Shell presses on despite issues with vessel
Shell’s summer Chukchi Sea exploration is facing its share of glitches. The striking of a shallow, uncharted shoal by the ice management vessel Fennica, part of Shell’s support fleet, resulted in hull damage that is sending it back to the Pacific Northwest for repairs.
The Fenneca, being guided by a licensed Alaska marine pilot, hit an the uncharted obstacle while departing Dutch Harbor July 3.
A temporary patch can be put on in that Aleutians port but a permanent repair must be done at a shipyard and that will be in Vigor Industrial’s Portland, Oregon yard, Shell said.
“While we believe interim repairs could be made in Dutch Harbor, our preference is to pursue a conservative course and send it to a shipyard where a permanent fix can be performed. We do not anticipate any impact on our season as we do not require the vessel until August,” Shell spokesman Luke Miller said in a statement.
As of July 15 the Fennica is still in Dutch Harbor undergoing the temporarily repair and is expected to depart soon for Portland.
The voyage to Portland from Dutch Harbor is expected to about a week. It’s uncertain how long the repairs will take, Miller said.
The Fennica must then travel back north to the Bering Sea through the Bering Strait to the Chukchi Sea.
The vessel’s presence in the Chukchi Sea is vital because the Fennica is carrying the “capping stack,” a device needed for Shell’s undersea blowout control system. The company cannot drill wells into oil-bearing formations until the Fennica, with the capping stack, is on hand.
If the repairs go smoothly the vessel could be back with the fleet in August, which leaves plenty of time for drilling. Until then Shell can drill “top holes,” or partly-complete wells, which it did with one Chukchi Sea exploration well drilled in 2012.
Meanwhile, many of Shell’s other vessels are in Dutch Harbor preparing to depart to the Arctic including the two drilling ships, Miller said. More support vessels are departing for the Chukchi Sea and some are already there, making preparations for the arrival of the drilling ships.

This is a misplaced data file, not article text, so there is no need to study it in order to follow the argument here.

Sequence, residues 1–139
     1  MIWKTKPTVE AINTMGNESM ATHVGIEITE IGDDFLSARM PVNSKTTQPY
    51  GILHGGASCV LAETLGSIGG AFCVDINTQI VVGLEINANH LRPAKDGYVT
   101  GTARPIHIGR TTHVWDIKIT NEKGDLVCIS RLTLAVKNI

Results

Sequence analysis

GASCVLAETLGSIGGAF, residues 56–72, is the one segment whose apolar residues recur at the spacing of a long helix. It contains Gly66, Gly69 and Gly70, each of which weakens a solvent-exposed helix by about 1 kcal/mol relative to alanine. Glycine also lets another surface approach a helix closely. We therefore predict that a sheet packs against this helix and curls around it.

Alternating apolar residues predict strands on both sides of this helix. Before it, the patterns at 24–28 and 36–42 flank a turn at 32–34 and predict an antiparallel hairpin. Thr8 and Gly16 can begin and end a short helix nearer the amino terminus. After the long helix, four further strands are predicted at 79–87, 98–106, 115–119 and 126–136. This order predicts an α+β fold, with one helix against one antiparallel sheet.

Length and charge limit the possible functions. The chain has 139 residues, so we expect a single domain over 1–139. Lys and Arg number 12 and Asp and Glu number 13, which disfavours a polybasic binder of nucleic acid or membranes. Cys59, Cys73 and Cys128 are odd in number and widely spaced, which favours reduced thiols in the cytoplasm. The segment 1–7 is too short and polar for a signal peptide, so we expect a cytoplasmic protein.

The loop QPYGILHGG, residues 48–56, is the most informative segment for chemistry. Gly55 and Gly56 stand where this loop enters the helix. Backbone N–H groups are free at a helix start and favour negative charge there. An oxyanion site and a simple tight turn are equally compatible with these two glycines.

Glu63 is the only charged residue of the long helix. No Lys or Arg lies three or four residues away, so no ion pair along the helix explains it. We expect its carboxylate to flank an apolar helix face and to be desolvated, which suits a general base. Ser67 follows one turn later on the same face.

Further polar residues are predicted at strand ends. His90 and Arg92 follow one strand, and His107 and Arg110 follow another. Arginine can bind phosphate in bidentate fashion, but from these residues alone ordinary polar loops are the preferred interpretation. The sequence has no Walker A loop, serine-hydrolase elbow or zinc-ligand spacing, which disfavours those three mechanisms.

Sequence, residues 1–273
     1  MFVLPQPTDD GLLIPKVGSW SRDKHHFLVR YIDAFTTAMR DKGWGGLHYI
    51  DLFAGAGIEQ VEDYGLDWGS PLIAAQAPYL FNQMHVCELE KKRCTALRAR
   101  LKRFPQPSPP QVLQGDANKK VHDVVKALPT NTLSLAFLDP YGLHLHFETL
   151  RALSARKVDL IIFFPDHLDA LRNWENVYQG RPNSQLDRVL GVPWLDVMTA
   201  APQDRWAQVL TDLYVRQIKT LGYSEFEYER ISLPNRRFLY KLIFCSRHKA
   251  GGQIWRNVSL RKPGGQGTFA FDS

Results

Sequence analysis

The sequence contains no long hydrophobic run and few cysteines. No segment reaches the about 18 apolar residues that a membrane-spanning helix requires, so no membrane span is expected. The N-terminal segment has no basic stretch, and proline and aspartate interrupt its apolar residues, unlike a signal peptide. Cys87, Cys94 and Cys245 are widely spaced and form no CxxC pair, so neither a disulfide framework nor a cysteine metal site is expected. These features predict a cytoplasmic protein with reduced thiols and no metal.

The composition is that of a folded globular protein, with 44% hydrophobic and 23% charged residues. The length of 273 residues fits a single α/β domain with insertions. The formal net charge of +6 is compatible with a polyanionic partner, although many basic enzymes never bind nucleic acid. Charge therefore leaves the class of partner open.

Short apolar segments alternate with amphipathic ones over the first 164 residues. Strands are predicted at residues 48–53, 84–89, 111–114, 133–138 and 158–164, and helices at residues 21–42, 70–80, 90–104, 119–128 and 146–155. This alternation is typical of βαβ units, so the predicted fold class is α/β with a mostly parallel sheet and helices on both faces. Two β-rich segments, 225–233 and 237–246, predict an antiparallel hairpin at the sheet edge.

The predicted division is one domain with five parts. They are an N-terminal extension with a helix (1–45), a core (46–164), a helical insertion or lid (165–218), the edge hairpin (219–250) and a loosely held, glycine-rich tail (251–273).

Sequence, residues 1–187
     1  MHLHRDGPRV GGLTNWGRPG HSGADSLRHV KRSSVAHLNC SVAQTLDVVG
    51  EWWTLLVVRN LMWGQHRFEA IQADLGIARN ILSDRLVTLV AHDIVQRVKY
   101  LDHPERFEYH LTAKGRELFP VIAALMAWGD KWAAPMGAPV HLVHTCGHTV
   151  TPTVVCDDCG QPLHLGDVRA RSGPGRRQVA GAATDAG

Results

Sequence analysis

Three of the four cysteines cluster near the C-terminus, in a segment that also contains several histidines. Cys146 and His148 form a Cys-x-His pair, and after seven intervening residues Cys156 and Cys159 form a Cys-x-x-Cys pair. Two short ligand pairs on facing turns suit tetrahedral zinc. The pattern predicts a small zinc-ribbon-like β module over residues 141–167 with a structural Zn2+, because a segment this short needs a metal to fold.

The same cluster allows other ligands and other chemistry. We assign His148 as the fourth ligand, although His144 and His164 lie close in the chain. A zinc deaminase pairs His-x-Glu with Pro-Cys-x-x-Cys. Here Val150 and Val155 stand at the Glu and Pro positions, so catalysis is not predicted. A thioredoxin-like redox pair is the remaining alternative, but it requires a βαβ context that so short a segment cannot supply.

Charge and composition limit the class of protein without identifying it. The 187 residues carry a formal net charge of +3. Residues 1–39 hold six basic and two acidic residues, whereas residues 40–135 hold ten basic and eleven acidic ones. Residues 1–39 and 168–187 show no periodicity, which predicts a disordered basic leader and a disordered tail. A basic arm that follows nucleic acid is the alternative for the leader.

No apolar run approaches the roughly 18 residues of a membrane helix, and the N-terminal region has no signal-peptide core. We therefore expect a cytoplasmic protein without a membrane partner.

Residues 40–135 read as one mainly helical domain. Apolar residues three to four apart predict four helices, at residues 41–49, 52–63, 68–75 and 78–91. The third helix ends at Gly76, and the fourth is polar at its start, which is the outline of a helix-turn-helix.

Greenpeace, the environmental group that dogged Shell’s vessels in Puget Sound, has meanwhile made an appearance in Dutch Harbor, with activists protesting with signs and banners.
However, the Esperanza, the Greenpeace vessel that has given the group a capability to take actions to try and impeded Shell, has left Alaska waters and is in California, sources who are tracking the vessel said.
Shell faces another major problem, however. A 2013 regulation enacted by the U.S. Fish and Wildlife Service prohibits Shell from having more than one drilling vessel working in the Chukchi Sea within 15 miles of another drilling vessel.
Shell is taking two drill vessels to the Arctic, the semi-submersible Polar Pioneer and drillship Noble Discoverer, and has an approved exploration plan with several well locations. However, they are all within an area around the Burger discovery the company hopes to test, and no one location is more than 15 miles from another.
The first two well locations on Shell’s list are nine miles apart.
The restriction means Shell must drill the wells one at a time.
Designating additional well locations more than 15 miles from the approved wells would require a modification to Shell’s approved drilling plan, which would be a complex undertaking that might not be done in time for this year, and which could also open the plan to new legal challenges.
“Shell can still drill. They just can’t drill with drill ships within 15 miles of each other,” said Lois Epstein, Arctic coordinator for the Wilderness Society, who is familiar with Shell’s exploration plan.
The plan was approved by the U.S. Bureau of Offshore Energy Management, or BOEM, and subsequently OK’d by Interior Secretary Sally Jewell.
Epstein said she is perplexed over why Shell designed a drilling plan with wells spaced so closely that was in obvious violation of the Fish and Wildlife Service regulation, which has existed since 2013.
The regulation says, “Operators must maintain a minimum spacing of 24 kilometers (15 miles) between all active seismic source vessels and/or drill rigs during exploration activities.”
The restriction does not apply to support vessels, the regulation states.